WASHINGTON (CNS) — Father Min Seo Park, one of fewer than two dozen deaf priests worldwide, thinks deafness is hardly a disability and is working to help others realize that as well.
Deaf since an illness at age 2, the new chaplain of St. Francis of Assisi Deaf Catholic Church in Landover Hills, Maryland, is hoping to convey the idea that deafness be treated as a culture.
Since returning to the United States from his native Seoul, South Korea, in late January, Father Park, 52, has taken up three ministries. In addition to serving St. Francis of Assisi, the priest also is the chaplain to the Catholic community at Gallaudet University and provides pastoral ministry to the Archdiocese of Washington’s deaf population overall.
The challenges seem well within the capabilities of a priest who is fluent in four languages: Korean Sign Language and American Sign Language, or ASL, as well as written Korean and English.
Speaking with the Catholic Standard, newspaper of the Archdiocese of Washington, with sign language interpretation assistance of Mary O’Meara, executive director of the archdiocese’s Department of Special Needs Ministries, he told his story of growing up deaf, his path to priesthood and his eventual return to the nation’s capital.
He arrived in the U.S. the first time in 1994 to study ASL and English at Gallaudet University’s English Language Institute, before beginning his undergraduate degree there a year later. Gallaudet is the only higher education institution in the world where all students live and learn in ASL and English.
In South Korea, he grew up attending schools for the deaf. Not raised a Catholic, he went with schoolmates to Protestant churches with signing ministers at first.
Eventually, a deaf Catholic art teacher introduced him to a Catholic parish, where he joined a Bible study with other deaf people. He became a Catholic at age 17. With few priests in Korea who used sign language, however, he and other deaf Catholics found practicing the faith frustrating.
“Deaf Catholics and I did not understand clearly what the priests said,” he explained. “Some of them were not happy and eventually converted to Protestant churches.”
That opened his path to a vocation.
“When I was praying alone in front of Jesus Christ on the cross at the chapel, I asked him if he could send a signing priest for the deaf,” Father Park said. “However, suddenly I felt that Jesus said to me, ‘Why not, you …?’ I said, ‘Me?’ That is how I began to consider the priestly vocation.”
A hearing priest who knew sign language helped him connect with Dominican Father Thomas Coughlin, the first deaf priest ordained in the U.S, who pointed him to Gallaudet.
After graduating in 1999 after studying math and philosophy, he was encouraged by Father Coughlin to study theology at St. John’s Seminary in New York.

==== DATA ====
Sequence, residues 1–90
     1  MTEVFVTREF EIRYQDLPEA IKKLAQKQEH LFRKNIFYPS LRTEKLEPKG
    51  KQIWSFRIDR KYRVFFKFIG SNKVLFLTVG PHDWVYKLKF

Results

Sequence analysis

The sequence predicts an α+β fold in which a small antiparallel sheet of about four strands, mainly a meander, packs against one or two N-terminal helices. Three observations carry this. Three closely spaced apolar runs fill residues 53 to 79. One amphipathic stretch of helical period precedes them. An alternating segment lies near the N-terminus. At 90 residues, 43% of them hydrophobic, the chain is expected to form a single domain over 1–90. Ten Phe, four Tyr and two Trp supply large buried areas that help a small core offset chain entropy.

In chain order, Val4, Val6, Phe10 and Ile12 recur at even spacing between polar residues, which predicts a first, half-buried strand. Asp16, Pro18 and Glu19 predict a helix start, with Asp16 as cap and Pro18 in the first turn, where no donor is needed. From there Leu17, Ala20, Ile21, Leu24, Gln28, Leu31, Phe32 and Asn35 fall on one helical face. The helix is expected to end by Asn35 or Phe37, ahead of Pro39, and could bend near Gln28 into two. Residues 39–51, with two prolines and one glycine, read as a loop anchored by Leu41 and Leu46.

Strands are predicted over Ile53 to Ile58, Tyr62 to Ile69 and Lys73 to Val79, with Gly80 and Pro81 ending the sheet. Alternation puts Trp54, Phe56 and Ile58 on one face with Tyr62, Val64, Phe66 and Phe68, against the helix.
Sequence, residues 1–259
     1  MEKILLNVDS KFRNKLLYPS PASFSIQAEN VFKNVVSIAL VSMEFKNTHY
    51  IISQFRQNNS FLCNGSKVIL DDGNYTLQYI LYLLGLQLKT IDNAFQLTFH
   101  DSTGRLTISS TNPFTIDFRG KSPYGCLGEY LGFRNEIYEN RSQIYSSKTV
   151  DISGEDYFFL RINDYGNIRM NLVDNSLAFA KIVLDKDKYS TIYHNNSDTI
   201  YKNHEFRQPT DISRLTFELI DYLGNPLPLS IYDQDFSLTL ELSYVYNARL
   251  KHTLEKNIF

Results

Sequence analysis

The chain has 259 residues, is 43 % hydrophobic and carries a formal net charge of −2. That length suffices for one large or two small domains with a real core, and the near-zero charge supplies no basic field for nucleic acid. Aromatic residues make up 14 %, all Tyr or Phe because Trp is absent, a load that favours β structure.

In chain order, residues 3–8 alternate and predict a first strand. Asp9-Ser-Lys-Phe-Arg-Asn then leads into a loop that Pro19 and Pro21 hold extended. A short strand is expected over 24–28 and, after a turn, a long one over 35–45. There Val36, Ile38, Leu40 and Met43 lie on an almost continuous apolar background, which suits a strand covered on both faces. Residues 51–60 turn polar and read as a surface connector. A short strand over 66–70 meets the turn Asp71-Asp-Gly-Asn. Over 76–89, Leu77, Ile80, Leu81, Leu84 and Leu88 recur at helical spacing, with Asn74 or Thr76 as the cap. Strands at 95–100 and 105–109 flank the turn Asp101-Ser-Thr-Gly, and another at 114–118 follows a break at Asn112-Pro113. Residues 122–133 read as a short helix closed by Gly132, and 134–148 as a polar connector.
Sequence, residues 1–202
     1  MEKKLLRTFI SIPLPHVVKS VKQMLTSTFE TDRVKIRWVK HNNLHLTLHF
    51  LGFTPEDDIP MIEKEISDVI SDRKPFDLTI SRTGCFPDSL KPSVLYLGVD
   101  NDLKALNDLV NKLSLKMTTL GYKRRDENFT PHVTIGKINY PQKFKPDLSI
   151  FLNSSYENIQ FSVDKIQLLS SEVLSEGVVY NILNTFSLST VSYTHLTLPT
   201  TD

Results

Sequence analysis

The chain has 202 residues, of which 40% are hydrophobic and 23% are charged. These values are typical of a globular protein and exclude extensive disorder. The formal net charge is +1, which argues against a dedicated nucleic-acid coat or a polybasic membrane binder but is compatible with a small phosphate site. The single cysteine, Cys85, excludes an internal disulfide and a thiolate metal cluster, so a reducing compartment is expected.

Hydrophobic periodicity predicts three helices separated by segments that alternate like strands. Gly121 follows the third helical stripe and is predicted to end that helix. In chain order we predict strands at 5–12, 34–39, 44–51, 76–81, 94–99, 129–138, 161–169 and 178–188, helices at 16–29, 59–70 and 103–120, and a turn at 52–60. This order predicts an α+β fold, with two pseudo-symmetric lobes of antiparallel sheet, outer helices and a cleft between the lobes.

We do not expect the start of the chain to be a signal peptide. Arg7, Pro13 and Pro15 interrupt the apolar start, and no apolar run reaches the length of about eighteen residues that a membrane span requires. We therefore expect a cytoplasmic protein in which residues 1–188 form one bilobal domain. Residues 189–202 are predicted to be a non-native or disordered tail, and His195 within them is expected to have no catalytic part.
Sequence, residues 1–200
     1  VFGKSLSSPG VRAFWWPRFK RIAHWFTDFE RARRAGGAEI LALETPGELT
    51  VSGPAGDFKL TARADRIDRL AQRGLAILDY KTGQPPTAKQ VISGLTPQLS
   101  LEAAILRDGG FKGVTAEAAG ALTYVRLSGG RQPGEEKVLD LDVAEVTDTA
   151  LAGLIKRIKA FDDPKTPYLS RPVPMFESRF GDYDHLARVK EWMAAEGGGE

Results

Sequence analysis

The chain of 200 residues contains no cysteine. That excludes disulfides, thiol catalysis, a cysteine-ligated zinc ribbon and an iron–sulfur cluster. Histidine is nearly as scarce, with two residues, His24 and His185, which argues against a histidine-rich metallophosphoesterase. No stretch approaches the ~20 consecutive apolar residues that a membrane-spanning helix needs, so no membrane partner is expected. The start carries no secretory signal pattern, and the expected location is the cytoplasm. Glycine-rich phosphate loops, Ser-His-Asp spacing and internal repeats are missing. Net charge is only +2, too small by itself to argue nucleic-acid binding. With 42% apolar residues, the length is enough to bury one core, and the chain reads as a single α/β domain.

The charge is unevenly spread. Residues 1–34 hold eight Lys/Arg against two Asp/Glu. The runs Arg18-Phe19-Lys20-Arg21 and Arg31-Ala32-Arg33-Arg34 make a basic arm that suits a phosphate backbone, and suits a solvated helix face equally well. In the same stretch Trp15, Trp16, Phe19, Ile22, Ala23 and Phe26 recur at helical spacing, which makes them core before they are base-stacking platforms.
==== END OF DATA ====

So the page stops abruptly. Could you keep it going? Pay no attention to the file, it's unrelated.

At first he had to read each lecture as it was being transcribed and he struggled to keep up with classwork. Soon afterward, the seminary provided sign language interpretation, making it easier to stay on track. He completed his master of divinity degree in 2004 and returned to Seoul.
There, he began theology studies for the Archdiocese of Seoul and was ordained to the priesthood in 2007. He said that as he celebrated his first signed Mass after ordination, he saw a congregation of joyful people.
“Some deaf people, who were poor at Korean writing and could not communicate with non-signing hearing priests, had not confessed to priests for many years, like 20 years,” he said. With him, “they felt confident and comfortable to confess to me in sign language. I was happy that I forgave their sins through the sacrament of confession.
“Deaf people witnessed my priesthood ordination and realized that deaf people were children of God as well. They felt joyful and happy to listen to the word of God, the Gospel from me, a deaf priest,” he said.
Over the next 14 years Father Park built up the Seoul deaf Catholic community, giving them their first priest who is what is referred to as culturally deaf.
Lana Portolano, author of “Be Opened!: The Catholic Church and Deaf Culture,” explained in an email exchange that Father Park is one of fewer than two dozen Catholic priests worldwide who use sign language as their primary form of communication. Nine of them are in the U.S.
Most deaf Catholic communities experience Mass with a sign language interpreter or sometimes with a hearing priest who can celebrate using sign. This can pose problems with hearing confession, for instance. And an interpreter is typically at one side of the room, meaning that a deaf person who is following the signing cannot simultaneously watch the actions of the priest at the altar.
As Father Park discovered when celebrating Mass in Seoul, even with a signing priest, a crowded church itself can be an obstacle to deaf participants.
With a congregation of 200 people in a small space, “I had to stand on a chair so the people in back could see me sign,” he said. That led him to lead a campaign to get the entire Seoul Catholic community to support buying land and building a dedicated church for the deaf population. He visited 150 parishes, explaining the need. Construction was completed in 2019.
That was about the time Father Park visited the U.S. and O’Meara began discussing with him the possibility of joining the Washington Archdiocese. It took two years to obtain the necessary visa for Father Park, she said.
Father Park said he is looking forward to being in a country where there are other deaf priests like himself.
“They all go on a retreat together in September,” he said, his eyes brightening as he signed. “I’m very excited to join them.”